Sound Advice For Video

Digital Photo may earn a small commission if you buy something using one of the retail links in our articles. Digital Photo does not accept money for any editorial recommendations. Read more about our policy here. Thanks for supporting Digital Photo.

Audio can make or break a video, and it’s especially important for photographers who are using the more limited sound capabilities of a video-capable DSLR to understand audio and to know how to capture great sound. A dedicated audio interface with an XLR input is what video pros use to record top-level audio directly to video on a camcorder. DSLRs are designed to be palm-sized, however, and they lack these types of inputs, but that doesn’t mean that you won’t be able to record good audio by attaching a mic directly to the 3.5mm stereo input (also known as a 1/8-inch mini-jack) that’s built in to most newer video-capable DSLRs.

While it’s true that most of the on-board microphones on HD DSLRs provide stereo sound (excepting a few that are monaural), their utility is limited by their fixed position on the camera. They also lack control over incoming audio and have a tendency to pick up the inner workings of the camera and the lens as part of the video’s sound.

The best way to avoid these technical shortfalls is to use external microphones. Though a few of the current video-capable DSLRs offer gain control, which boosts or reduces the level of sound coming in—some even include an automatic gain that can override the delicate audio being captured in some situations with superfluous noise—external microphones typically give you much more sophisticated options for working with incoming sound and volume. With an external mic, audio is much cleaner, and it’s also more likely to be free of the ambient noise of the camera since audio is coming from an external source designed to pick up sound from a specific area.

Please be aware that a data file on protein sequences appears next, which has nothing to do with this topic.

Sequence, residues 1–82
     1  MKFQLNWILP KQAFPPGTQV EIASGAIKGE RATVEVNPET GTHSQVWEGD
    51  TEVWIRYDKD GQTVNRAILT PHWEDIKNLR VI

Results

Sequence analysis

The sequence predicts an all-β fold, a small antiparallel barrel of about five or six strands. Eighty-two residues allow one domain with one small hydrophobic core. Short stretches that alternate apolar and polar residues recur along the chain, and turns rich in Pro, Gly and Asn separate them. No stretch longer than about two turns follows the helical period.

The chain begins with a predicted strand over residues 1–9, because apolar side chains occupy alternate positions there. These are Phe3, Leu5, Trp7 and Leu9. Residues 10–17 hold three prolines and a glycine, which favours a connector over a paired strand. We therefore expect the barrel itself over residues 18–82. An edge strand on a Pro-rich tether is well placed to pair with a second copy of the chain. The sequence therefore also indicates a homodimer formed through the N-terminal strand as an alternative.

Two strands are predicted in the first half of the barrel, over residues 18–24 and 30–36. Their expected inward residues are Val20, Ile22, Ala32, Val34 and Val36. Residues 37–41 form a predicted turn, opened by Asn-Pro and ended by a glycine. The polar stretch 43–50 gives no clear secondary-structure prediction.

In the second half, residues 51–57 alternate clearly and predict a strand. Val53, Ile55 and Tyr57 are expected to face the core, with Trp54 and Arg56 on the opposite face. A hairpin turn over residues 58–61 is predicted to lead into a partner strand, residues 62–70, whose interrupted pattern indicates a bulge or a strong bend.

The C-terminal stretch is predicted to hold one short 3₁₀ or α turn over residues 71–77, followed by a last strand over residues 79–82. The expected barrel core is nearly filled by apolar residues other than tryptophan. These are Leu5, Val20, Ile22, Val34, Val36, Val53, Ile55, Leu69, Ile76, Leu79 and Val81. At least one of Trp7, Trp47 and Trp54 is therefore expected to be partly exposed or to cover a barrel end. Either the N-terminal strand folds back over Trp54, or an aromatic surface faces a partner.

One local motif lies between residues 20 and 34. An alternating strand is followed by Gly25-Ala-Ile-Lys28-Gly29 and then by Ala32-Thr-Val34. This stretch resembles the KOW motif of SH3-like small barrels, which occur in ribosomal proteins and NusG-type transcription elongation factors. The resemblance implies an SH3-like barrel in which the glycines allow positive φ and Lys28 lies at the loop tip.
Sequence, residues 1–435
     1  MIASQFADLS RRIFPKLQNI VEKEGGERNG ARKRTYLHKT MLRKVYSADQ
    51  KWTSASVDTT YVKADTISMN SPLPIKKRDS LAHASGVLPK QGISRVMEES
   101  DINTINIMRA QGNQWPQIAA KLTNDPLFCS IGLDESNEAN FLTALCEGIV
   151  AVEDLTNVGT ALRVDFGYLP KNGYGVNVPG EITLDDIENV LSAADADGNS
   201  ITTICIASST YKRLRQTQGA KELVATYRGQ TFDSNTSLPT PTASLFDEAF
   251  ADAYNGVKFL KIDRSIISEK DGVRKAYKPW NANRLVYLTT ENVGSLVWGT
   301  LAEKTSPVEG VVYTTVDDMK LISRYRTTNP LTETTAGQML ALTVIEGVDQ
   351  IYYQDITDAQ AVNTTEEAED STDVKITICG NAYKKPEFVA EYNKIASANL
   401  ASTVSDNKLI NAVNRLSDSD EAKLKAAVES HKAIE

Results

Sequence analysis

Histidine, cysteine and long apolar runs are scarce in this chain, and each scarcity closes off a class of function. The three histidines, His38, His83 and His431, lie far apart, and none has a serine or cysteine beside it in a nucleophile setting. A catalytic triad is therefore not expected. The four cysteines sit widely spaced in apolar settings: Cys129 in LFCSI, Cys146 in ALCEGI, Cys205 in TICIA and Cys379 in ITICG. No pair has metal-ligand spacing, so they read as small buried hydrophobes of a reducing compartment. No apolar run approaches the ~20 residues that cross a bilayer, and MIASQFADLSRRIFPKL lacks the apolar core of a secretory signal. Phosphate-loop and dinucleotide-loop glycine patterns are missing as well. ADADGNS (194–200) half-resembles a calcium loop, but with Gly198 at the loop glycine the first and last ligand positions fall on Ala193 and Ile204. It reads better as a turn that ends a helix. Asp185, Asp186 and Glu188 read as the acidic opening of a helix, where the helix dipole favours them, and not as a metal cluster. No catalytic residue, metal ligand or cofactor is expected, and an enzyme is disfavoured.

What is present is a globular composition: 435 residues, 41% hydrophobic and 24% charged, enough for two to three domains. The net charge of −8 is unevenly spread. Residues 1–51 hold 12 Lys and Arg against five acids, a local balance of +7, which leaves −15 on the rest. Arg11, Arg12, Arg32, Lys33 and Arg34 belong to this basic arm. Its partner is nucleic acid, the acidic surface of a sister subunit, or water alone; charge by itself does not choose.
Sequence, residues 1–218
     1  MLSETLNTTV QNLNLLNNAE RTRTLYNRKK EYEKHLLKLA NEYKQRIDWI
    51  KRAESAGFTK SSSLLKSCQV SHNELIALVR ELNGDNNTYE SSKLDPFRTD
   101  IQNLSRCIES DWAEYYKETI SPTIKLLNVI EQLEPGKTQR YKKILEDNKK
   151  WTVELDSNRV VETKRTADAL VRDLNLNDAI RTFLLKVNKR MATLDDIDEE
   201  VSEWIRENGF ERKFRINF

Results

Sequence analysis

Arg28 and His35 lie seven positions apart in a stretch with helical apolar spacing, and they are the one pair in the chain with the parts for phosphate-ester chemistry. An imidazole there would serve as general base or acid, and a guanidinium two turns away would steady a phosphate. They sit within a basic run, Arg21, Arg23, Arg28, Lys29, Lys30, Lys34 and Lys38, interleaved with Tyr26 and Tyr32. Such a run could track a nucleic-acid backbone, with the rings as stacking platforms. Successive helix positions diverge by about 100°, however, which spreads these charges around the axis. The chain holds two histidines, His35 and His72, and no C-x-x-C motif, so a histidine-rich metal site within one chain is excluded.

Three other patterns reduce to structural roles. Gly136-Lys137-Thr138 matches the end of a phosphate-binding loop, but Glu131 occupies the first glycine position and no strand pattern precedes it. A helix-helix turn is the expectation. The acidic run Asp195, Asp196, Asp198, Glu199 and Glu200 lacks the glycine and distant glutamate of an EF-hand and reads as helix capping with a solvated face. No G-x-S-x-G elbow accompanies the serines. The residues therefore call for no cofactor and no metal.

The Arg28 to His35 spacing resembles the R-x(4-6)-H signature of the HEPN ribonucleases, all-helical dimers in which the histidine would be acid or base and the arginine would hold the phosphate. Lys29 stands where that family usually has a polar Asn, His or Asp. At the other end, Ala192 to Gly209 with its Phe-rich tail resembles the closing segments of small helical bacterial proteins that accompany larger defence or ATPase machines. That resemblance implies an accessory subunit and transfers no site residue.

Thankfully, there are a variety of solutions that meet the specific needs of HD DSLRs, and here we look at a few of the most basic and common mic configurations. A few words of advice when making a selection: Check to make sure that your camera has a stereo input before purchasing a mic; not all of them do. Also be aware that longer onboard mics can protrude into the angle of view of a lens when using wide-angles, especially with fisheyes lenses.


The PRO 24-CM camcorder microphone from Audio-Technica includes paired cardioid elements in a basic X-Y configuration, which is angled at around 90º to each other for ideally capturing stereo sound in a two-mic setup. The PRO 24-CM mounts to the hot-shoe of the camera. It’s fairly lightweight at 3.9 ounces and includes a removable windscreen. Estimated Street Price: $69.

Perfect for portability, the Azden SMX-10 is built to be compact at a weight of just under 2 ounces and a length of 7 inches. There’s a lo-cut switch for reducing ambient wind noise, and the mic is powered with a single AAA battery. It includes a windscreen and hot-shoe mount. Estimated Street Price: $65.

Built to be compact at 6 inches and light-weight at 3 ounces, the Røde VideoMic Pro shotgun mic is an on-camera stereo mic that attaches directly to the hot-shoe or to boompoles. Powered by a 9V battery, the mic features a foam windshield, a two-step high-pass filter for reducing ambient noise, a three-position level control for setting gain and a shock mount for isolating the mic from vibrations that could affect sound. Estimated Street Price: $229.

Leave a Comment